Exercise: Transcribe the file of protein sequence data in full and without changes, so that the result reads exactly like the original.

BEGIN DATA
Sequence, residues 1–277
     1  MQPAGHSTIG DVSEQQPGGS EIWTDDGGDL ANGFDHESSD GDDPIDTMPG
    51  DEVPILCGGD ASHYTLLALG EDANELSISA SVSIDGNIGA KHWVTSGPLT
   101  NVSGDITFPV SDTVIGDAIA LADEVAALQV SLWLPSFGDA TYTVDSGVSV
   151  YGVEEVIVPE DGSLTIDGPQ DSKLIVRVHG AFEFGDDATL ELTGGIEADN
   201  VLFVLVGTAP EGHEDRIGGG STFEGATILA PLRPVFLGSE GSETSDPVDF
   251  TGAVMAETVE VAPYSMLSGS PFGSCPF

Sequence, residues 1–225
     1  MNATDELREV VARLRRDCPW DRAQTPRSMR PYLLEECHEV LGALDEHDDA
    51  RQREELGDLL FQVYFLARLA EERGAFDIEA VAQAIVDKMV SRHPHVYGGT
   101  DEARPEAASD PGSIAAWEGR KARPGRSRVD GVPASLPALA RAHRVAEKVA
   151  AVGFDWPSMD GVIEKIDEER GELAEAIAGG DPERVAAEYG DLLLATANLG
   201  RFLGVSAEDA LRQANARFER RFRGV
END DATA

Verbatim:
Sequence, residues 1–277
     1  MQPAGHSTIG DVSEQQPGGS EIWTDDGGDL ANGFDHESSD GDDPIDTMPG
    51  DEVPILCGGD ASHYTLLALG EDANELSISA SVSIDGNIGA KHWVTSGPLT
   101  NVSGDITFPV SDTVIGDAIA LADEVAALQV SLWLPSFGDA TYTVDSGVSV
   151  YGVEEVIVPE DGSLTIDGPQ DSKLIVRVHG AFEFGDDATL ELTGGIEADN
   201  VLFVLVGTAP EGHEDRIGGG STFEGATILA PLRPVFLGSE GSETSDPVDF
   251  TGAVMAETVE VAPYSMLSGS PFGSCPF

Sequence, residues 1–225
     1  MNATDELREV VARLRRDCPW DRAQTPRSMR PYLLEECHEV LGALDEHDDA
    51  RQREELGDLL FQVYFLARLA EERGAFDIEA VAQAIVDKMV SRHPHVYGGT
   101  DEARPEAASD PGSIAAWEGR KARPGRSRVD GVPASLPALA RAHRVAEKVA
   151  AVGFDWPSMD GVIEKIDEER GELAEAIAGG DPERVAAEYG DLLLATANLG
   201  RFLGVSAEDA LRQANARFER RFRGV